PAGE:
What you need to know this week

Our round-up of the key business updates and insights for you

January 22, 2021

Welcome to our weekly wrap. This week we’ve rounded up the latest news and insights, including recent Government updates covering furlough and small business payments, pre-Budget recommendations from the UK’s leading business group, plus, a round up of UK-wide funding and business news.

Sunak urged to extend furlough – plus, Budget recommendations

The government needs to give more financial help to struggling firms ahead of the Budget in March, the CBI business lobby group has said.

In its letter to the chancellor, the UK’s leading business group outlines the support measures needed in the next few weeks to help protect UK companies through the Spring – including an extension of furlough to June.

Tony Danker, the new director-general of the CBI, said progress on the vaccine rollout brings real cause for optimism but, ‘almost a year of disrupted demand and extensive restrictions to company operations is taking its toll. Staff morale has taken a hit. And business resilience has hit a sobering new low.’

‘The government must once again stand shoulder-to-shoulder with businesses to underwrite support for the duration, helping viable enterprises to last the course.’

Ahead of the Budget, the CBI wants the government to:

  • Extend furlough beyond April to June, with a commitment to targeted support thereafter to give firms the certainty needed to protect jobs
  • Lengthen repayment periods for VAT deferrals until June 2021 at the earliest, and allow firms to defer VAT bills due now for a year
  • Extend the business rates holiday for at least another three months to those UK firms forced to close under current restrictions

Additional pre-Budget CBI recommendations include:

  • Delivering the Pay As You Grow scheme for Bounce Back Loans including extending capital and interest payment holidays for a further six months.
  • Ensuring the Coronavirus Corporate Financing Facility (CCFF) scheme is kept open until the end of June 2021.
  • Announcing details of the successor of the Coronavirus Business Interruption Loan Scheme (CBILS).
  • Working with Local Authorities to ensure existing discretionary grants are in businesses’ bank accounts by the end of February 2021.

At Budget, CBI recommendations include:

  • Using the net-zero transition to drive the UK’s economic recovery
  • Delivering comprehensive reform of the business rates system – to support our struggling high-streets, drive essential investment in energy efficiency and level-up business investment across the UK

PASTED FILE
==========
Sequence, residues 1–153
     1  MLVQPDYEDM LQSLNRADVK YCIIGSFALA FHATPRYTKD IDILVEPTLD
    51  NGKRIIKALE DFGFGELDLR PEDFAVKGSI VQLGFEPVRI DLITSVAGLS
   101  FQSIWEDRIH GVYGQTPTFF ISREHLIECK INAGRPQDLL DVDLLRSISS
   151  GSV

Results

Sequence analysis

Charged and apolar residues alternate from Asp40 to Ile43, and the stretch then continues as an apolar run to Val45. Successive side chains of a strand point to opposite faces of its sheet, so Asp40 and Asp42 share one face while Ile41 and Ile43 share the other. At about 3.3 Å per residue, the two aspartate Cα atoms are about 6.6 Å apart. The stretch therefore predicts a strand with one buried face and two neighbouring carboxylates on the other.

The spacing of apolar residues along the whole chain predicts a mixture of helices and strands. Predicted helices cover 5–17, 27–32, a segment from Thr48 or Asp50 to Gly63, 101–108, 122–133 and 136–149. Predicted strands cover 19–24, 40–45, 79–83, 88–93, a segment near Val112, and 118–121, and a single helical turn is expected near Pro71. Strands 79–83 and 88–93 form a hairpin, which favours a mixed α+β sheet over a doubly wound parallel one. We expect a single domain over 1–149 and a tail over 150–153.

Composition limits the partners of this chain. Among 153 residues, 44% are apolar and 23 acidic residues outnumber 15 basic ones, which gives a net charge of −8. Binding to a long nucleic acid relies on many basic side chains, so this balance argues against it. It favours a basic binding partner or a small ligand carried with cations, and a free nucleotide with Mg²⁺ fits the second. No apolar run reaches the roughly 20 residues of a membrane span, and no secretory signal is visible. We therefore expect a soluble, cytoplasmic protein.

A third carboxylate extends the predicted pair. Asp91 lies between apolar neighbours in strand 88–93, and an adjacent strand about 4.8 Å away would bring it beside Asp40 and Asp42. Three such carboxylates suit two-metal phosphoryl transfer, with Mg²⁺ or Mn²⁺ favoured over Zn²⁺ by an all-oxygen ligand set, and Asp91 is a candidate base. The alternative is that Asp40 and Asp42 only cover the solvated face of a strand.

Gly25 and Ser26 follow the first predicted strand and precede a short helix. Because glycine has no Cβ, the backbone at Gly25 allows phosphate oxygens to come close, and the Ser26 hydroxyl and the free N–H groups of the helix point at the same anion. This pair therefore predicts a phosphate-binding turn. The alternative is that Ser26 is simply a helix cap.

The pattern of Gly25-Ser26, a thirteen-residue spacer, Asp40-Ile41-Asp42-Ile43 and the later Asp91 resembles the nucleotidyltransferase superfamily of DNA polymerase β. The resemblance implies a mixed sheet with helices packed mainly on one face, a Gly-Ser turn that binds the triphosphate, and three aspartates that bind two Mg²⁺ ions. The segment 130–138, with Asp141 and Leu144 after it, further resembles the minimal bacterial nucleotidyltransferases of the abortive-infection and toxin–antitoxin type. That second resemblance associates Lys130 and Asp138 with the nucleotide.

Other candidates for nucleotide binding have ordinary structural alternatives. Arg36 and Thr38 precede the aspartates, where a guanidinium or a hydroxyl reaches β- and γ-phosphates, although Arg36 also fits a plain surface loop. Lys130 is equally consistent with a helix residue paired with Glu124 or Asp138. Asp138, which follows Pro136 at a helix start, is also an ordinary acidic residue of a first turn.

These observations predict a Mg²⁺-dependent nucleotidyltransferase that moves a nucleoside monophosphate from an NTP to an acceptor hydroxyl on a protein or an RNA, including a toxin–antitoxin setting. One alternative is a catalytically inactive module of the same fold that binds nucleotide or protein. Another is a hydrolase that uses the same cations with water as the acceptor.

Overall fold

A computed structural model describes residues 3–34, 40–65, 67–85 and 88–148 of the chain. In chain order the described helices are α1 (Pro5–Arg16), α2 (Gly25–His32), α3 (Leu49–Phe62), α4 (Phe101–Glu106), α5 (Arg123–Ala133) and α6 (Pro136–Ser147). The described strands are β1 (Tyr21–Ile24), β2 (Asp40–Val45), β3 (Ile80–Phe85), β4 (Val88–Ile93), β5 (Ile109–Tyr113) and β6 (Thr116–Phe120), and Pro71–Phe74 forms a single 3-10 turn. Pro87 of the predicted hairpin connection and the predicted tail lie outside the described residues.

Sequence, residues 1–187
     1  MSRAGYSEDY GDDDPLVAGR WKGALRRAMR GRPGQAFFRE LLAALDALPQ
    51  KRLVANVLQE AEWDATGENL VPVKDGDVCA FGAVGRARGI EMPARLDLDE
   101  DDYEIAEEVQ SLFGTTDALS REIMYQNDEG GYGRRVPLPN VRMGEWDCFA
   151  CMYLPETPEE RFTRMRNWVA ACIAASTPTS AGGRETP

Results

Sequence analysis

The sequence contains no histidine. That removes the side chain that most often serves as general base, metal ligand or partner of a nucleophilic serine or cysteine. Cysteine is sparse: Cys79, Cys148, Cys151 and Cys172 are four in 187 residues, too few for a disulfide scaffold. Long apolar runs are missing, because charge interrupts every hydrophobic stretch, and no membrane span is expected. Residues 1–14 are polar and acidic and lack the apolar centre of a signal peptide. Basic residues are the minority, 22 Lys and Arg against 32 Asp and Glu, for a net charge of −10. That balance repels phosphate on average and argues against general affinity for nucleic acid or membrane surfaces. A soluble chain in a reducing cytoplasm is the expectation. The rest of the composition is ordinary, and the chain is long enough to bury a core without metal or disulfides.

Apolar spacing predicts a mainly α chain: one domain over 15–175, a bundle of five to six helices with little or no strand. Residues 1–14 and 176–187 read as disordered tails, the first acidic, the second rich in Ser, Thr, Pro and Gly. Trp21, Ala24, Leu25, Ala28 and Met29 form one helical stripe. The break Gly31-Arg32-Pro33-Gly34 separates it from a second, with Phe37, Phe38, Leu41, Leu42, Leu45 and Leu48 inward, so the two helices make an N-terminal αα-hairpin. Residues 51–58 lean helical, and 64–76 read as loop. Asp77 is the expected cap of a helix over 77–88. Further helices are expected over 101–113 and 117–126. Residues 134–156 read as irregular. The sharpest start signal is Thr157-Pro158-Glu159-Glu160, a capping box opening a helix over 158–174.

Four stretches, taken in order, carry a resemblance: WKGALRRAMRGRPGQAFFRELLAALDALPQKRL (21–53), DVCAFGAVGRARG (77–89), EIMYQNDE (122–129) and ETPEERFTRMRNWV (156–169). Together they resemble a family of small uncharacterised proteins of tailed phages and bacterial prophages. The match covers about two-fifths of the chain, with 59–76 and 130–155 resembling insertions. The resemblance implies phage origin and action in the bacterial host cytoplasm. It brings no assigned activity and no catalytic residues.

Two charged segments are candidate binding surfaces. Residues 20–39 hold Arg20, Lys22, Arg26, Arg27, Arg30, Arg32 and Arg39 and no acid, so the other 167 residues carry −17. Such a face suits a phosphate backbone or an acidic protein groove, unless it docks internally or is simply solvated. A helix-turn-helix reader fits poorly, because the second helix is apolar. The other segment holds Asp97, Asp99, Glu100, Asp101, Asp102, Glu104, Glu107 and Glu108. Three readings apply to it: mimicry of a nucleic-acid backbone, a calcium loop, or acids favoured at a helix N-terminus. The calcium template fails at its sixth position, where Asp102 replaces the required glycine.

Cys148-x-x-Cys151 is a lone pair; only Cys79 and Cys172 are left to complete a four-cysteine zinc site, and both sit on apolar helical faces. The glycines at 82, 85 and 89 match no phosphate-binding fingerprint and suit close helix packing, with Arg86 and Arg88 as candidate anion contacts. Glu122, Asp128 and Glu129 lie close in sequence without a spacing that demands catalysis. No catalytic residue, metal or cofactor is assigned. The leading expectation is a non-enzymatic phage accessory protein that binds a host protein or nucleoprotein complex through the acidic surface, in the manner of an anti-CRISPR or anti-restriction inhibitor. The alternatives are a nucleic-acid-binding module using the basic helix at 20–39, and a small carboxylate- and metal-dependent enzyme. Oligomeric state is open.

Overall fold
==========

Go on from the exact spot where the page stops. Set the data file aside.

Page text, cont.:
• Turbo-charging innovation spending by government and business
  • Incentivising greater business investment in retraining and upskilling

Government tackles late payments to small firms to protect jobs

An overhaul of the Prompt Payment Code (PPC) to crack down on delayed invoices owed to small businesses was announced by the government this week.

The Department of Business, Energy and Industrial Strategy revealed businesses that have signed up to the PPC will be obligated to pay smaller businesses within 30 days, instead of the previous 60 days – although that deadline will remain for larger companies. The code currently has 2,800 signatures.

The government estimates there are £23.4bn worth of outstanding late invoices.

The move comes as the government seeks to strengthen the powers of the Small Business Commissioner (SBC) to ensure larger companies pay their smaller partners on time.

According to the Federation of Small Businesses (FSB), around 50,000 small firms close every year due to late payments and said the issue has become ‘more prevalent than ever’ as a result of the COVID-19 pandemic.

Philip King, interim small business commissioner, said:

Late payment causes real hardship to small businesses. Code signatories of all sizes demonstrate their commitment to ending the culture of late payment and helping to increase business confidence

Mike Cherry, national chairman of the FSB, added:

‘Ending our pernicious poor payment culture for good over the coming months will be fundamental to turning our hopes of economic recovery into reality.’

In addition, the new requirement for signatories to pay 95% of invoices from small businesses (those with less than 50 employees) within 30 days will be effective from July 1, 2021.

Small firms get COVID-19 insurance boost

The Supreme Court has backed the Financial Conduct Authority’s (FCA) appeal for small firms to receive payments from coronavirus-related business interruption insurance policies.

Thousands of small firms are now set to receive insurance payouts to cover losses from the first national lockdown.

Eight insurers agreed to take part in the FCA’s test case, resulting in over £1.8bn expected to be paid out.

Sheldon Mills, executive director of consumers and competition at the FCA, said:

We will be working with insurers to ensure that they now move quickly to pay claims that the judgment says should be paid, making interim payments wherever possible

In the lockdown of last spring, many small businesses made claims through business interruption insurance policies for loss of earnings when they had to close. Many insurers, however, refused to pay, arguing only the most specialist policies had cover for such unprecedented restrictions.

It was agreed that a selection of policy wordings should be tested in court, setting the parameters for what would be considered a valid claim.

The ruling provides guidance for a wider pool of 700 policies, potentially affecting 370,000 small businesses.